(Friday Market Close) The market quickly retreated from its mid-week rally Friday as investors responded to new trade war rhetoric by scurrying for possible protection in the fixed income market. By the end of the day, all the major stock indices were down more than 2%, sinking back toward lows seen early in the week.
The market’s plunge Friday appeared to be a reaction to the blossoming trade battle with China, with the underwhelming March jobs report playing little if any role. However, it’s important to keep things in perspective. What we've seen with this administration is a trend of a big statement, followed by everyone getting riled up, and then a pragmatic solution being found. Cooler heads may prevail moving forward.
Warning signals really started flashing as volatility spiked sharply Friday and bonds quickly climbed, sending yields lower in the interest rate complex. Today was the first day in a while that seemed to indicate some real things to be concerned about, one of which was the big jump into fixed income. The bid for fixed income was very strong heading into the close, and there was a nervousness going into the weekend that hasn’t been seen in a while.
Many investors seem to be buying fixed income for protection from a volatile stock market. Earlier this week, some investors may have been avoiding the FAANG stocks but were buying others. Today, the selling was broader, and the overall feeling was one of people not wanting to be in equities. It wasn’t so much a “risk-off” as a “risk way off” situation.
VIX shot up above 22 by late Friday after falling below 19 for part of the day Thursday. Volatility is here, and as a long-term investor, you’ve got to consider being ready. If your positions are worrying you, you might want to consider hedging or trimming. It might be prudent to plan for this type of volatile action through this month and probably well into next.
Crude oil seems to have hitched a ride with the stock market once again, plunging 2% Friday as stock indices retreated. Fears of reduced trade possibly could be leading to concerns about falling energy demand.
The one thing that could knock trade war fears off the top of the list starts next Friday as financial industry results kick off the Q1 earnings season. A week from today, that could become the number one story. Until then, this choppiness is likely to continue.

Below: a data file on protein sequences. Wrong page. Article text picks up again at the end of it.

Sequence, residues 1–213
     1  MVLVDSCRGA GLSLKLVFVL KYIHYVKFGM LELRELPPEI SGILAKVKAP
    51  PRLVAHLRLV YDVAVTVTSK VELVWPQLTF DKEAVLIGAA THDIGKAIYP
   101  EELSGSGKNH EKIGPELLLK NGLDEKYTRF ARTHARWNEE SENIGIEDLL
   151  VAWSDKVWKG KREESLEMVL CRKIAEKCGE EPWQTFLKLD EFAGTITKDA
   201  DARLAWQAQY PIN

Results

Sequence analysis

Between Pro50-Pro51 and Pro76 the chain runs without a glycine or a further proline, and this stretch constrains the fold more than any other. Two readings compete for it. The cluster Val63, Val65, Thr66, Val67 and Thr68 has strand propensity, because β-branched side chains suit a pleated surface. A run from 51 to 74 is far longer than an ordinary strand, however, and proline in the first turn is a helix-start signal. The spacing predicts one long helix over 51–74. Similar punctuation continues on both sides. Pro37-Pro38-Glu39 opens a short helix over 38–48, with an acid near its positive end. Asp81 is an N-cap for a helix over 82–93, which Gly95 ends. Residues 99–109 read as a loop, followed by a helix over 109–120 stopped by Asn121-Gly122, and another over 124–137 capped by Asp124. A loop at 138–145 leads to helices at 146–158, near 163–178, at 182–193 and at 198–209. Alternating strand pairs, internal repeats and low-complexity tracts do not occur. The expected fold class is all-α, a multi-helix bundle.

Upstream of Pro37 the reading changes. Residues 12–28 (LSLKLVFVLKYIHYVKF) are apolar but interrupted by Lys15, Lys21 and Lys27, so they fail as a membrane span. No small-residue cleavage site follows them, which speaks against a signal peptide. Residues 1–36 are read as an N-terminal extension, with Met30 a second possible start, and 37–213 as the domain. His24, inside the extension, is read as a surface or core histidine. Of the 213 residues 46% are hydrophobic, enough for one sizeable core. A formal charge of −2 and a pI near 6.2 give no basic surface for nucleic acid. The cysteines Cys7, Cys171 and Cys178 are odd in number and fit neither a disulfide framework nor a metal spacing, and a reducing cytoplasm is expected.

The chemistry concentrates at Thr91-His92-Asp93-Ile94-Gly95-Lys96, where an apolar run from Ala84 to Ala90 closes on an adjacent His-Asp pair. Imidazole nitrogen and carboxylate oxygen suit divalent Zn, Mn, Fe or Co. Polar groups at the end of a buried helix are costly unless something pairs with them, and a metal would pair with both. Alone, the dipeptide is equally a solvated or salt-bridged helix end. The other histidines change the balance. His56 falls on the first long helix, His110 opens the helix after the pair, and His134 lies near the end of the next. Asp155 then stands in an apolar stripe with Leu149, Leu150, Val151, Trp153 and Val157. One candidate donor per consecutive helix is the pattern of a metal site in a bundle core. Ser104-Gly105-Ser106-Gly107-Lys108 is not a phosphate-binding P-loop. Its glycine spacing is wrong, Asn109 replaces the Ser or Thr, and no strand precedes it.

Looking back at Friday’s jobs report, there’s no doubt the headline number of 103,000 new jobs disappointed. Still, long-term investors might want to take it with a grain of salt for a few reasons.
First, employment growth has been churning along at a pretty heavy clip for many months, and the unemployment rate sits at 4.1% (nearly a 20-year low). At this point in the cycle, there simply might not be as many workers out there to hire, and companies might have filled many of the positions they needed to fill. That means lower headline numbers could become the norm rather than the exception. However, that wouldn’t necessarily be bearish, because the economy only needs about 100,000 new jobs to be created each month to keep up with population growth, according to the Bureau of Labor Statistics.
Second, no single month is a trend. It always pays to look at the longer-term average with these things, and average jobs growth over the first three months of the year was just over 200,000. That’s not shabby at all, and could be one sign that the underlying economy remains healthy despite recent stock market gyrations.
One more thing to consider is the weather in March, which featured several huge storms in the heavily-populated northeastern part of the country. This could have slowed jobs growth slightly, and perhaps we’ll see a corresponding uptick in the April number if the storms pushed back some companies’ hiring plans. A moderate drop in construction jobs last month might be one hint that weather played a role in slowing overall employment growth.
Another potentially positive impact of the jobs report, from the market’s perspective at least, is that it pushed down the odds of a fourth rate hike this year, according to the CME Group FedWatch tool. The interest rate complex saw a drop in yields that might have corresponded in part to the employment data, though trade fears also probably played a role. By the close Friday, the benchmark 10-year Treasury yield was back down to 2.77%, from highs well above 2.8% Thursday. That could change quickly depending on the next set of economic data, but for now it does seem like another speed bump on the journey toward 3% that some analysts had warned about earlier this year and that helped spook the market a couple of months ago.
Speaking of rates, investors heard once again from Fed Chair Jerome Powell Friday, who said in prepared remarks that he expects the labor market to remain strong and inflation to move up in coming months and stabilize at around 2% “in the medium term.” Powell also pointed to what he said have been “steady income gains, rising household wealth, and elevated consumer confidence.”
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